Friday, January 11, 2008

Facing the Red Sox Offense Is A Tiresme Affair

The Red Sox have long had a reputation for wearing down opposing pitchers. Their game plan is to drive up the opposing pitcher's pitch count early. That way the Red Sox can face the soft underbelly of pitching staffs - the middle relief. And this strategy is often effective, especially when facing the top members of a team's rotation.

But just how effective are the Red Sox at this strategy? Well, with the exception of Dustin Pedroia, every member of 2007's Opening Day Red Sox lineup was among the top 50 American League hitters in pitches per plate appearance. The nine members of 2008's starting lineup averaged 3.94 pitches per plate appearance last year. Here's how that breaks down.

Ellsbury - 3.67 PPA
Pedroia - 3.80 PPA
Ortiz - 4.10 PPA
Ramirez - 3.86 PPA (career average of 4.03)
Lowell - 3.80 PPA
Drew - 3.93 PPA
Youkilis - 4.27 PPA (career average of 4.40)
Varitek - 4.12 PPA
Lugo - 3.88 PPA

So how does that patience affect pitchers? At that rate, it would take about 25 plate appearances to drive up the opponent's pitch count to 100. And how long did it take the Red Sox to get 25 plate appearances in a typical game? Well, I'm pretty sure there isn't a figure available for that, so I'll attempt to get an estimate.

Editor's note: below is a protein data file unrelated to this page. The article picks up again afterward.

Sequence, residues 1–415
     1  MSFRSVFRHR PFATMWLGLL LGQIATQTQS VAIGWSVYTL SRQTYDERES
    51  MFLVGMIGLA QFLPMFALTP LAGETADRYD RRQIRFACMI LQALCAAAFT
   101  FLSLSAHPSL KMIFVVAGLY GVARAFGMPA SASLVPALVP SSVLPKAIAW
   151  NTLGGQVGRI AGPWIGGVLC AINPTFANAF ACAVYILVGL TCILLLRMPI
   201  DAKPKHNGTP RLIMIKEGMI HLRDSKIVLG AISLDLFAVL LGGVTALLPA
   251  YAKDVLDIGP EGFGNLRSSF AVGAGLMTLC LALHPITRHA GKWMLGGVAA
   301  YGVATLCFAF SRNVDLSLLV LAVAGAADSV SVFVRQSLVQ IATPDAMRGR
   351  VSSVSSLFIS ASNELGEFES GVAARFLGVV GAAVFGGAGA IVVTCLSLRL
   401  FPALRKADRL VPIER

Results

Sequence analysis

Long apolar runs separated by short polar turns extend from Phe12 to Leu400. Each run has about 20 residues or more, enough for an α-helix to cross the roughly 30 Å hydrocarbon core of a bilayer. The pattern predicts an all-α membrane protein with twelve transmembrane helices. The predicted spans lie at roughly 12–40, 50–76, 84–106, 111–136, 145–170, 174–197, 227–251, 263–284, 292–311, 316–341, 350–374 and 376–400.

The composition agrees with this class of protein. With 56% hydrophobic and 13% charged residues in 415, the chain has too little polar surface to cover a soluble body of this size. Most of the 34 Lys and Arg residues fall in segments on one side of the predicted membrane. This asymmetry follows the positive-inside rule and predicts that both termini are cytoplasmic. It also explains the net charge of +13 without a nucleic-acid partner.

Red Sox hitters had 6,426 plate appearances last year. Opponent pitchers logged 1,422.2 innings against the Red Sox. So that means the average offensive Red Sox inning had about 4.52 plate appearances. And so it took about 5.53 innings for the Red Sox to drive up a starter's pitch count to the magic mark of 100.

And unlike other teams that drive up the pitch counts of bad pitching, the Red Sox wore out some of the American League's biggest workhorses. Royal Halladay, who averaged 7.27 innings per start, averaged just 6.66 innings against the Red Sox. Chien-Ming Wang, who averaged 6.64 innings a start, averaged just 6.14 against the Red Sox. And Andy Pettitte, who averaged 6.27 innings per start, averaged just 5.55 innings against the Red Sox.

3 comments:

Casey said...

Should we give Magadan some props?


http://ccww.wordpress.com

Royal Rooters said...

That's a really good point. I really don't know he operates day to day with issues of mechanics and preparation. And quite a few hitters saw off years with him as the new hitting coach. But he did seem to get the entire team to adhere to the same strategy. They ALL work pitchers, so even when they make outs, they do accomplish something. They get the starter out of the game sooner.

Anonymous said...

they're quite the juggernaut